English

Hone your writing skills while deepening your appreciation of literature. Through discussion and close personal attention, you’ll develop analytical, critical reasoning, and communication skills highly sought after by employers in many fields. These skills will also provide you with an excellent foundation for graduate study.

Degree Offered: B.A.
Offered on the Augusta and Bangor campuses


Studying Lives, Changing Lives: UMA Psychology Students Bring Food to Hope House

 

UMA Bangor Psychology students organize a food drive for the Hope House

Dr. Kati Corlew's Fall 2014 psychology classes (two sections of Intro and two sections of Development) recently conducted a food drive for the Bangor Hope House. Student Lisa Tissari had the idea. All of the Psych classes were having a test that week, and she noted that we could really use the positive psychological boost of doing something good for others.

Students received an extra credit point by either participating in the food drive OR doing a random act of kindness sometime during the week. Most students opted to join the food drive. Students donated 147 non-perishable food items -- more than 100 pounds of food. The donations filled Dr. Corlew's trunk. She delivered the donations on October 31st. Staff, volunteers, and clients at Hope House all expressed gratitude, and sent warm thanks to the classes for their generosity.

 

 

Donations 2

Inaugural Student Research Conference Coming to UMA Bangor in 2015

 

University of Maine at Augusta Social Science major Sarah Therrien '13 presents research on access to mental health and substance abuse treatment in the state of Maine.

Students at the University of Maine at Augusta are carrying out a surprising amount of innovative research.  It's time to celebrate that fact.

 

As part of an ongoing push by the Social Science Program to support student research (in classes, independent study, internships, capstones, and/or with faculty), the Social Science Program will launch an inaugural Student Research Conference in the Spring 2015 semester.

 

The conference theme will be “Celebrating Student Research” and will highlight students who have participated in or conducted research as part of a class, in conjunction with faculty research activities, or as independent projects. Students will be provided an opportunity to present their activities to other students and faculty. This conference will take place on the UMA-Bangor Campus. Students of the Social Science Program as well as all UMA students will be invited to present their research and research skills development and attend to support their peers. Students from the Augusta Campus will be offered transportation to attend at the Bangor campus. A guest speaker will be invited.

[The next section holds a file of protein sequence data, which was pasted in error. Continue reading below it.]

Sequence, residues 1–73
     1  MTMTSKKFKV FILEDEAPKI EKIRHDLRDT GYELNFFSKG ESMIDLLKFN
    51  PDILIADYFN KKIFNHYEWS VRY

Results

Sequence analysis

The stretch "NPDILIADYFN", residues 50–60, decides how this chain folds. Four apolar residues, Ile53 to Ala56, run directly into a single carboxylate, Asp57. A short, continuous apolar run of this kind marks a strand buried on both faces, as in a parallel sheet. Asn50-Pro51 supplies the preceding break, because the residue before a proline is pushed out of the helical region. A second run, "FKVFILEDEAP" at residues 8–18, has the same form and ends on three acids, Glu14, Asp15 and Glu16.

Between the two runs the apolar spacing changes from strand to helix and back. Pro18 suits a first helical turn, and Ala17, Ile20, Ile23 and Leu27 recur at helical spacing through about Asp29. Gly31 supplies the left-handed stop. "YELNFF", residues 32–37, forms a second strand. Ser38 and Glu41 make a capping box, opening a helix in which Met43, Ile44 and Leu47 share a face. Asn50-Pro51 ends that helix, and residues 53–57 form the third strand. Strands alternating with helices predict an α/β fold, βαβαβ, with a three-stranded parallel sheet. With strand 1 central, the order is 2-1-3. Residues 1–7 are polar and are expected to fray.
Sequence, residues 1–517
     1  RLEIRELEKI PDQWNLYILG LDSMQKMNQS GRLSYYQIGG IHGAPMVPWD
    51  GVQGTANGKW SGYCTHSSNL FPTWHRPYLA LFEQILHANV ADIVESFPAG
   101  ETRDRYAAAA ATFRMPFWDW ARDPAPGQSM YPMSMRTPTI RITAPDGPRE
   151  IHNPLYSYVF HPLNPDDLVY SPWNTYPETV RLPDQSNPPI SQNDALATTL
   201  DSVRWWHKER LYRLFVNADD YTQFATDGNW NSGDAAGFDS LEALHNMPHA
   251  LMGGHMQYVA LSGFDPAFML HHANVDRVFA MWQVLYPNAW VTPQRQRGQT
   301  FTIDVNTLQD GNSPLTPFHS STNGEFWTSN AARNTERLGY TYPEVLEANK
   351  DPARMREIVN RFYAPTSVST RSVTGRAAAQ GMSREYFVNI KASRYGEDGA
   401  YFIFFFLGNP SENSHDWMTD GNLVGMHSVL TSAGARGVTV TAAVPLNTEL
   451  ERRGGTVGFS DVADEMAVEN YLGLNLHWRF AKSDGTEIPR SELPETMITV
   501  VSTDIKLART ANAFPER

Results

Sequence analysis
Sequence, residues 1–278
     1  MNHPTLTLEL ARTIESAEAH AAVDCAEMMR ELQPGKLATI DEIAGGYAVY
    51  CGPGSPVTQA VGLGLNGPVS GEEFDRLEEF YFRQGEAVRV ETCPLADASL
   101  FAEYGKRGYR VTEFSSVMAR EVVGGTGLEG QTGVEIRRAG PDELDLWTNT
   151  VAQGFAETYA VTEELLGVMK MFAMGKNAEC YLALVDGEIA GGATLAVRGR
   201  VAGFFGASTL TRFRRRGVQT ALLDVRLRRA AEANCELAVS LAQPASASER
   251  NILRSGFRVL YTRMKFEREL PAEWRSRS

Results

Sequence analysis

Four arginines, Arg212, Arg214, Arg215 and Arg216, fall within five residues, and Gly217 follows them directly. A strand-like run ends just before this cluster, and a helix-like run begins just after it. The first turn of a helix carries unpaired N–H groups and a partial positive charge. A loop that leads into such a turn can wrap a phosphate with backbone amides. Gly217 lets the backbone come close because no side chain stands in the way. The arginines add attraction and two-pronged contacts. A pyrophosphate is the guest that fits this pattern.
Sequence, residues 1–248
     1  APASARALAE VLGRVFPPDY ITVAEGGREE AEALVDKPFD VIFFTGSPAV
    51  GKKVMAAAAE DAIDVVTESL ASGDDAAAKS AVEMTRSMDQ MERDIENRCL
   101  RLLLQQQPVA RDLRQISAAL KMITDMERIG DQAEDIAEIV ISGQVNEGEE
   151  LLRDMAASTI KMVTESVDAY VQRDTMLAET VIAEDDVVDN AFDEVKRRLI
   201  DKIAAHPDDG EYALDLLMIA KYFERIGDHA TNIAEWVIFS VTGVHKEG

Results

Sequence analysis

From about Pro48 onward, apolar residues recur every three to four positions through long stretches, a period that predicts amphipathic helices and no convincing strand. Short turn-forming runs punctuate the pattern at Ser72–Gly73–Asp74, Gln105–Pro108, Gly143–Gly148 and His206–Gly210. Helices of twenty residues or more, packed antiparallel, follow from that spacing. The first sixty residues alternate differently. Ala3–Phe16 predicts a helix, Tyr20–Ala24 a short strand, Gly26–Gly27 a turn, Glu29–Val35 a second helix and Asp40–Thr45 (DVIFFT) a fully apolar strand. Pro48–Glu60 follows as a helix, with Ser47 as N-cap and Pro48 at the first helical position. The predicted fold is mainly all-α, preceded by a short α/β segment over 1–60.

As the Spring 2015 semester gets underway, look for updates and a call for participants.  For more information, please contact Assistant Professor Kati Corlew (207-262-7752|kate.corlew@maine.edu).

Professor Dean Earns 2014-2015 Meritorious Faculty Award

 

At ceremonies marking the start of the 2014-2015 academic school year, Assistant Professor of Education and Coordinator of Teacher Certification Cynthia Dean was awarded the University of Maine at Augusta's Meritorious Achievement Award for the year.  UMA Provost Joseph Szakas commended Professor Dean for her outstanding work:

 

deanmeritoriousfaculty"Cindy Dean came to UMA and the College of Arts and Sciences a few years ago to develop our secondary education pathway. This pathway allows our students to achieve certification to teach in Maine public high schools after graduation. She completed the entire curriculum from scratch; she forged relations with Maine public schools to allow student teaching placement; she has worked with the University of Maine at Machias and University of Maine at Presque Isle to enable UMA students to become certified in elementary and special education pathways as well.

"UMA now has over 300 students enrolled in one of these education pathways and Cindy’s mentoring and advising has been instrumental in their success. She also serves on UMA’s Faculty Senate and Honor’s Council. This summer you could find her in UMA’s community garden, where she took over supervision of students (and most of the weeding, harvesting and pest control). She has also already begun collaborating with our new Augusta writing center coordinator to develop a course in writing tutor methods that will enable UMA students to become more effective peer tutors. Cindy does all this while staying very involved in Maine’s K-12 educational circles. She is a wonderfully collaborative colleague and supporter of our students."

Congratulations, Professor Dean!

 

 

UMA Social Science Program Welcomes New Faculty